If you work with Cisco/HP/Juniper/Brocade/etc devices, you’ve found yourself in need of a TFTP server at some point in time. TFTP is the most popular way to upload/download software and configurations to and from these devices. It’s a quick protocol with little overhead, since it relies on UDP packets to deliver information. Many vendors have a TFTP server, whether it be Solarwinds, 3COM’s old TFTP server, or even Klever’s PumpKIN TFTP server. I find myself coming back to TFTPD32 because it’s more than just a server. It’s also a TFTP client, which is handy if you want to try and pull down a file to make sure it’s being shared correctly. It’s a tiny DHCP server if you are plugged directly into a device such as an access point and you need to give it a quick address to get to the web configuration. It’s a Simple Network Time Protocol (SNTP) server if you have a device that needs to sync to an NTP server, such as CUCM during setup. Lastly, it has a syslog server if you need to redirect syslog output during a debug or troubleshooting session. TFTPD32 also supports the transfer of files over 32MB in size, which has left some of the older TFTP servers in the dust, as most modern firmware images are well above 32MB. There’s even a 64-bit version for those who have made the switch to the new generation of operating systems. If you just need something simple to transfer files to and from your routers, you can’t go wrong with TFTPD32.
TFTPD32 is free and available HERE. You may also be interested in alternatives from Solarwinds or Klever’s PumpKIN. Note that Solarwinds requires registration. I don’t recommend using the old 3COM TFTP server any longer, as it isn’t capable of 32MB image transfers and is generally considered dead software.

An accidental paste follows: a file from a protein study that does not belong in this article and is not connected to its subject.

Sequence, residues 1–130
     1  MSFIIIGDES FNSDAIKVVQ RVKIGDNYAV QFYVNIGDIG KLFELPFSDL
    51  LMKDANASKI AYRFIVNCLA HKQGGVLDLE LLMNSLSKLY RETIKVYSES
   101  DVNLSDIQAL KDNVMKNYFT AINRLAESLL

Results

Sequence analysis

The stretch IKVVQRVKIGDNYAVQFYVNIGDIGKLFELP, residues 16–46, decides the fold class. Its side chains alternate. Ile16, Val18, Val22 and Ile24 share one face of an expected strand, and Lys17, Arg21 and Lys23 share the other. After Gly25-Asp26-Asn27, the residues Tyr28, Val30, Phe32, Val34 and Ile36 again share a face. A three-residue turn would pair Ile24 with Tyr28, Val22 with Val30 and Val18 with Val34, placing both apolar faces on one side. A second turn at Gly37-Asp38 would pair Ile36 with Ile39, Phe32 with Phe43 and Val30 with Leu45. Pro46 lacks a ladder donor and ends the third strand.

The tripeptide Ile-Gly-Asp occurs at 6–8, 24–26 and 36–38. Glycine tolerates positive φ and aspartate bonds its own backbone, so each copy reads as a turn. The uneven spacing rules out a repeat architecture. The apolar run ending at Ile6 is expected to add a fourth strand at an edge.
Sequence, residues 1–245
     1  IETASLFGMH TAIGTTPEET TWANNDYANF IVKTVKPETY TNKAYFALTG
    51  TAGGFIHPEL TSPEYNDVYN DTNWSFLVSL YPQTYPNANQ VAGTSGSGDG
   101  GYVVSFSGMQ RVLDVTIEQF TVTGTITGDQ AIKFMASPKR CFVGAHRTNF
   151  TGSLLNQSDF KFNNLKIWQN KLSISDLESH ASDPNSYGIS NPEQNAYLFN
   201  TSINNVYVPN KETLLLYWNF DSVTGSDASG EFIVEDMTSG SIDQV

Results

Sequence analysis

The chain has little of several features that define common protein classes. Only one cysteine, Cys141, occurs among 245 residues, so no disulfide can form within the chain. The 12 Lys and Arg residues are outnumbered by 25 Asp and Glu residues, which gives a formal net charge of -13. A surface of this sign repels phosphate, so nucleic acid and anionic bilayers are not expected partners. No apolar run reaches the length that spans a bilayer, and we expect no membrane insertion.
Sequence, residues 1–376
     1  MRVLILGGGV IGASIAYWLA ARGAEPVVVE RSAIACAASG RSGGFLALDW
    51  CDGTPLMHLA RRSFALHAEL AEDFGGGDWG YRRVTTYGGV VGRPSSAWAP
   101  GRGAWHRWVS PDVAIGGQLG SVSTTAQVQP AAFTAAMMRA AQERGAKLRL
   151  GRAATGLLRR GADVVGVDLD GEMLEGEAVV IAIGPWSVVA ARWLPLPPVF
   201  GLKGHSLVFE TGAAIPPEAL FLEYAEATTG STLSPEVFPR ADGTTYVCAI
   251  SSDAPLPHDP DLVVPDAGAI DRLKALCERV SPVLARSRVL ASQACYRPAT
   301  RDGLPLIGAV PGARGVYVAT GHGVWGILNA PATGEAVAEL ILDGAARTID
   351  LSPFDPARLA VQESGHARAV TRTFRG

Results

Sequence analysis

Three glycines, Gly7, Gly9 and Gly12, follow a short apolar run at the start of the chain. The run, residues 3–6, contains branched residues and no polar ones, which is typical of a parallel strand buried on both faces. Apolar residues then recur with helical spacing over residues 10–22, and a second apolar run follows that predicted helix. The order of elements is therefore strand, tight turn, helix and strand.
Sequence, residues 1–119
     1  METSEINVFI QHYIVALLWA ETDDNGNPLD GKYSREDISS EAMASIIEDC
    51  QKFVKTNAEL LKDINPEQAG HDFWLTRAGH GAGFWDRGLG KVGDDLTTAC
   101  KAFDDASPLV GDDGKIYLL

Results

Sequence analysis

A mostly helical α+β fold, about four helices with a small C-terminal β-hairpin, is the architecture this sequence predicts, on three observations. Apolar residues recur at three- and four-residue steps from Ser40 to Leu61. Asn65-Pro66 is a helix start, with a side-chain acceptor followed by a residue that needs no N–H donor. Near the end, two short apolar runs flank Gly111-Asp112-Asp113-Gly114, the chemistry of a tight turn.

Working with CUCM lately as much as I have been, I’m finding myself growing more reliant on using FTP instead of TFTP. CUCM seems to want to use FTP (or SFTP) for almost everything, whether it be configuration backups or upload of new COP files. I’ve used Xlight FTP server (the free version) for a while, but when I needed an SFTP option, the licensing options for Xlight seemed somewhat steep. After some searching, I came across freeFTPd. It’s very simple to setup and configure both FTP and SFTP, along with users and virtual directories. You can also set it to listen on all your laptop’s interfaces, so if you find yourself with a slow Ethernet connection you can always flip over to the wireless interface. I highly recommend installing freeFTPd if you use CUCM today or you might find yourself working on it in the future. You’ll thank me later.
You can also use Xlight’s FTP server or Filezilla. Note that Xlight is a 30-day trial of the standard edition, but after those 30 days it becomes the limited personal edition. You might also check the license terms in case you want to use it professionally.
Discussing favorite programs is a lot like arguing who the best Doctor is. Everyone has their opinions and beliefs about why a particular program works the best, or they’ve been burned by a program in the past and have forsworn it for all eternity. I find these programs easy to use, easy to install if they aren’t on the machine I’m using, and since they are mostly open source, free of any sticky licensing issues that might cause problems down the road. Feel free to suggest any programs you find useful in the comments so that others might try them out too. Note that because I’m a Windows user, all of these programs run on Windows, either XP or Windows 7. If you’re interested in a Mac version of this list, please feel free to send me a MacBook Pro and I’ll whip one up for you. I’m keeping the MacBook, though.